Forthcoming Talks

For an update of what is happening in the BotSoc please see the attached  3 June 19 Rhythms of Life Fiona Sym

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The rewards of ‘fire monitoring’

Since the fire on 11th January a group of fire monitors has been observing the regrowth on the burnt slopes. Often blackened with ash they hang over path edges or clamber up rocks in order to photograph and record their findings.


From fire lilies in January, to fields of yellow moraeas in March, to the bright red fire ericas in April, it is an exciting and rewarding pursuit!

Of particular interest has been the flowering and seeding of the very small Aspidoglossum heterophyllum, a member of the milkweed family. The plants grow up to 12cm tall and have a milky latex. The flowers are white and for their small size produce very large long inflated seedpods – the fluffy seeds will be collected and sent to Kew Gardens for inclusion in their Millenium Seed Bank.

The slender wiry plants of Eriospermum dielsianum, common name Cottonseed, (the seeds look like small balls of cotton wool), have been spotted on the lower slopes, a bulbous plant with a raceme of star-like flowers with red linings under the petals. Their seeds have also been collected for Kew.

Always of interest are new leaves which make their appearance in a numerous array of shapes and sizes. Much discussion ensues as to what they will become!

 For more updates on the burn keep following the ‘burn page’ on the website and click on Read More on the home page.

Sandy Jenkin

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Braai in the Fernkloof Gardens

Every February, the HBS Committee hosts a braai for members in the Fernkloof gardens.  Chops, Wors and Sosaties are expertly grilled by Hoogie van Hoogstraten and his fellow braai-masters.  Another team creates a selection of tasty and creative salads plus the other braai essentials.

Over 90 members and friends arrived to enjoy the balmy evening together.  Gay bunting hung from the trees and picnic tables covered in bright cloths added to the atmosphere.  Out came the bottles of wine and juice and the bowls of nibbles while the meat cooked to perfection.

The Committee were delighted with the support given to this event by both long-standing and new members.  It was good to see the welcome given to those who are new to Fernkloof.  Those who were there all agreed that the meal was both generous and delicious, the venue perfect and that they are looking forward to enjoying a similar happy evening with the Hermanus Botanical Society the following February.

Submitted by Deirdre


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A Walk to the Vogelgat Waterfall

This gallery contains 22 photos.

Originally posted on roncorylus:
There were 11 enthusiastic Hurriers in Vogelgat with perfect hiking conditions to look for the Disa uniflora and to reach the waterfall for a swim. The first Disa was found relatively early during the hike and…

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Fynbos Fires and their Consequences for Birds

Hermanus Bird Club

Positive benefits of fynbos fires are short-term food opportunities for some species

Raptors are often attracted to fire and its charred results, moving in from adjacent habitats. This is particularly evident where predatory birds may flush out injured birds and animals or find other carrion. Jackal Buzzards, Steppe Buzzards and Spotted Eagle Owls are known to visit burnt areas immediately after smoke dissipates. After a relatively short time they move on.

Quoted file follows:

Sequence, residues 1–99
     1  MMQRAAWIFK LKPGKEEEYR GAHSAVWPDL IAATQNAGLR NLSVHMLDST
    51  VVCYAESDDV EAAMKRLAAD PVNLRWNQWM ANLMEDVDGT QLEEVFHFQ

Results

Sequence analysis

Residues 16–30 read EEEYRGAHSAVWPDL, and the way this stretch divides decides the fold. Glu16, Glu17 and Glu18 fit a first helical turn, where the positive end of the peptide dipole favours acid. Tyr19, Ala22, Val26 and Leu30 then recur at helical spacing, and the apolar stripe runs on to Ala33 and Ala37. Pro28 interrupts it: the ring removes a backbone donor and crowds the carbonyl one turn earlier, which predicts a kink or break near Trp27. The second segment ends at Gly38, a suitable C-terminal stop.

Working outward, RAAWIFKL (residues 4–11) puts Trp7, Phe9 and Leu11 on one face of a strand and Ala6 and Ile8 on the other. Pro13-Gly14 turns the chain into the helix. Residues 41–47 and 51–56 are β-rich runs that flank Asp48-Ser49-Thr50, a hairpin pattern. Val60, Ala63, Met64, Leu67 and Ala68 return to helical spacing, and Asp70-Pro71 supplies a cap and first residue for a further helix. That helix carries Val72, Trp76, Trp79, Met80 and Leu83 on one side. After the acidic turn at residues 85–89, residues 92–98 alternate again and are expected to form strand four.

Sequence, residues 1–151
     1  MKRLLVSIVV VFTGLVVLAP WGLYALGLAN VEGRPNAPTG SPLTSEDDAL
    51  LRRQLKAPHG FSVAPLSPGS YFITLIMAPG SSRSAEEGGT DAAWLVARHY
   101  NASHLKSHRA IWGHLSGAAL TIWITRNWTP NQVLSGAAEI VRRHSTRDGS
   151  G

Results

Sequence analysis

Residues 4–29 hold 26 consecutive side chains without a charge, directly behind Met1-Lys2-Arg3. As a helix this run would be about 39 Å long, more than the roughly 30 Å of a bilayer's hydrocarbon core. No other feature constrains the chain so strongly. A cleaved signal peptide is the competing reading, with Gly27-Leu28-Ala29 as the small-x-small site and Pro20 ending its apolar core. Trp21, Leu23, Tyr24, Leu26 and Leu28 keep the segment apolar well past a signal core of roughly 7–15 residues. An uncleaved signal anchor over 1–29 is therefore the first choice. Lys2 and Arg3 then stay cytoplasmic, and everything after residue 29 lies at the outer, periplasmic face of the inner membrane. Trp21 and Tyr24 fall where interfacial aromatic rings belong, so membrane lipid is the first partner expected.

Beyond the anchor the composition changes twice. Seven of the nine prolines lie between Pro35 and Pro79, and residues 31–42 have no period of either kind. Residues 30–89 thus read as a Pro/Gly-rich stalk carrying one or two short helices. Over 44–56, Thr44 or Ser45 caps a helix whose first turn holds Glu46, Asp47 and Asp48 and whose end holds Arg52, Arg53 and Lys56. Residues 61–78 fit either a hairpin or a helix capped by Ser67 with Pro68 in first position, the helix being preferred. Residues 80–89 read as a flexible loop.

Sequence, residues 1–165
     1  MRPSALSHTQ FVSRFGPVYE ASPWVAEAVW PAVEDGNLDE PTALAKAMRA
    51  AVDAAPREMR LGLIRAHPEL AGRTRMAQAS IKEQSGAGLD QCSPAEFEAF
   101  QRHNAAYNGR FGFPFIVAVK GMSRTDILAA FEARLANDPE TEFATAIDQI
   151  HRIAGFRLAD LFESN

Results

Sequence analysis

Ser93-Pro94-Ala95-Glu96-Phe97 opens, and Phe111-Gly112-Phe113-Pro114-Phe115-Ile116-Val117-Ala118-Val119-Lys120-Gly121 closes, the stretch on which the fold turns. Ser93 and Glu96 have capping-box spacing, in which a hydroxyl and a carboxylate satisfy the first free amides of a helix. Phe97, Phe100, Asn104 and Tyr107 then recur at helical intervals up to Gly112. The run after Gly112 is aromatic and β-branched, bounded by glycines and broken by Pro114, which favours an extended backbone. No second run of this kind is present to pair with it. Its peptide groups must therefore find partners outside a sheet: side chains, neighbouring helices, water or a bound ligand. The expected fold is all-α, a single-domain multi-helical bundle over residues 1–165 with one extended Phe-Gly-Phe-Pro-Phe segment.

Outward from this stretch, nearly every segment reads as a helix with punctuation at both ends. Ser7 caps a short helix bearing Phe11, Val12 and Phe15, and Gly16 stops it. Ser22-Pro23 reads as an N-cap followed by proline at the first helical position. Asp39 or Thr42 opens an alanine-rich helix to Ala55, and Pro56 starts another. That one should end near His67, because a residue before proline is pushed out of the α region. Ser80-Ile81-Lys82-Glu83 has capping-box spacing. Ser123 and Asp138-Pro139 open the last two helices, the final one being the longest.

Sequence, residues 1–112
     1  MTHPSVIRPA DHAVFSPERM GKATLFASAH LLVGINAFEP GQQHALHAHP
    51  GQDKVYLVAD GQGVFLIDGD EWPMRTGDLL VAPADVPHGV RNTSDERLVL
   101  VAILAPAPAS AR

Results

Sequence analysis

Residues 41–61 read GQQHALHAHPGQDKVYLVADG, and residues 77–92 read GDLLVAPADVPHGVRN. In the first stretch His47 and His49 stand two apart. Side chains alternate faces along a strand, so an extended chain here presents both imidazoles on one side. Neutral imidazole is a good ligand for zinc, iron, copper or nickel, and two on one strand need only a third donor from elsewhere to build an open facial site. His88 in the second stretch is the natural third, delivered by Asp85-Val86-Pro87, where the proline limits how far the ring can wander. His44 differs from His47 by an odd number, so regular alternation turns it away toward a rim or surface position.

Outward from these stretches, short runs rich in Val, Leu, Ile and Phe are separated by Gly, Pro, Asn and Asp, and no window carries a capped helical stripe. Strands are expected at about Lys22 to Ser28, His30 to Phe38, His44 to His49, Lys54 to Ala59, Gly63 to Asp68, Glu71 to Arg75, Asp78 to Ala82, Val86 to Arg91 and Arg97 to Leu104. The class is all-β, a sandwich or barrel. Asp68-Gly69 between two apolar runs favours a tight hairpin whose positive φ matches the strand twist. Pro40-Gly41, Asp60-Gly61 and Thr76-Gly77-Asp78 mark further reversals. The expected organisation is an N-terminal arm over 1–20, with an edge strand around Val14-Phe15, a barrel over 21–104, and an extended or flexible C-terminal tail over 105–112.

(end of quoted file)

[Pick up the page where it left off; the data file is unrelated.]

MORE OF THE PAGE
Other species which may take advantage of the aftermath of fynbos fires

The Fork Tailed Drongo, Fiscal Flycatcher, Fiscal Shrike and Cape Grassbird are known to take up the debris of insects, arthropods and the seeds of various plants such as P. falcifolia and L. eucalyptifolium which are exposed about 2 weeks post fire.

Genetic Diversity 

Nectivores such as the Cape Sugarbird, Orange Breasted Sunbird and Cape Bulbul will immediately move away to neighbouring areas, however, this may be…

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Mossel River path renewal

If you go down to the Mossel today you are in for a big surprise.

Everyone should gather there because…

Todays the day you can once more walk along the path next to the river from the sea to the Three Dams. Frank Woodvine and his Malawian men together with some enthusiastic HBS members have hacked and pulled,  slogged and cleared. On Wednesday 23 January 18 excited botanical walkers investigated what had been done.

Starting west of the river mouth, head north until you cross the river to resume walking north, now on the river east bank. A shady section of indigenous trees still shows signs of invading trees, mostly garden escapees from local houses. These will be removed. Just before you reach the bridge across the R 43 near the Voelklip circle, dense bush and rushing river made the path impassable.

But no more! You can now walk to and under the bridge and continue to the arboretum of fascinating cork oak and penny gum trees to name a few and further to the dams.  Enjoy, the walk is charming!

There will be a tree book out soon listing all trees you will see on this walk and indeed in the whole of Hermanus.

Di Marais

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Piet’s AMOEBA Walk

This gallery contains 11 photos.

Originally posted on roncorylus:
This morning Piet promised us an interesting walk – described by him as “The Amoeba”  It was 5.4 km in length and it was most enjoyable, taking 15 Hurriers through a section of the burn and…

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